Five minutes’ walk south of Komagome Station on the Yamanote line, Rikugi-en (六義園; daily 9am–5pm; ¥300) is Tokyo’s best surviving example of a classical, Edo-period stroll-garden, designed in the early 18th century by high-ranking feudal lord Yanagisawa Yoshiyasu. Both a perfectionist and a literary scholar, Yanagisawa took seven years to create this celebrated garden – with its 88 allusions to famous scenes, real or imaginary, from ancient Japanese poetry – and then named it Rikugi-en, “garden of the six principles of poetry”, in reference to the rules for composing waka (poems of 31 syllables).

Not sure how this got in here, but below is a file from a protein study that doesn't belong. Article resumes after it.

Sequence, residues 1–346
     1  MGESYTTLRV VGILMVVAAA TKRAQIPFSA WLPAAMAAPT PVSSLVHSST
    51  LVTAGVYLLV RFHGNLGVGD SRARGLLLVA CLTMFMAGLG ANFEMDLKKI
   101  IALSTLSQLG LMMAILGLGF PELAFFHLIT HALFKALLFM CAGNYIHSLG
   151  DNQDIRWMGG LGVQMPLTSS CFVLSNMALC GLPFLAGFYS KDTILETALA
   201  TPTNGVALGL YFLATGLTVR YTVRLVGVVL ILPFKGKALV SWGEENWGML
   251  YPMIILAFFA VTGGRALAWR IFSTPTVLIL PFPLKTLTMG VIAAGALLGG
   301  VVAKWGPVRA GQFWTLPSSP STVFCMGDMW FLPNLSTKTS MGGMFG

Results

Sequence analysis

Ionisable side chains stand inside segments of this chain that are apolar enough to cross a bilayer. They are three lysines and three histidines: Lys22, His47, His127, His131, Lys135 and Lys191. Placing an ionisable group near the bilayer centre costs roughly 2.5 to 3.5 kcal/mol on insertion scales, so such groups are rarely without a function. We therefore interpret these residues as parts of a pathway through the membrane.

Few of the 88 landscapes have survived – the guide map issued at the entrance identifies a mere eighteen. Nevertheless, Rikugi-en still retains its rhythm and beauty, beginning as you enter with an ancient, spreading cherry tree, then slowly unfolding along paths that meander past secluded arbours and around the indented shoreline of an islet-speckled lake. In contrast, there are also areas of more natural woodland and a hillock from which to admire the whole scene.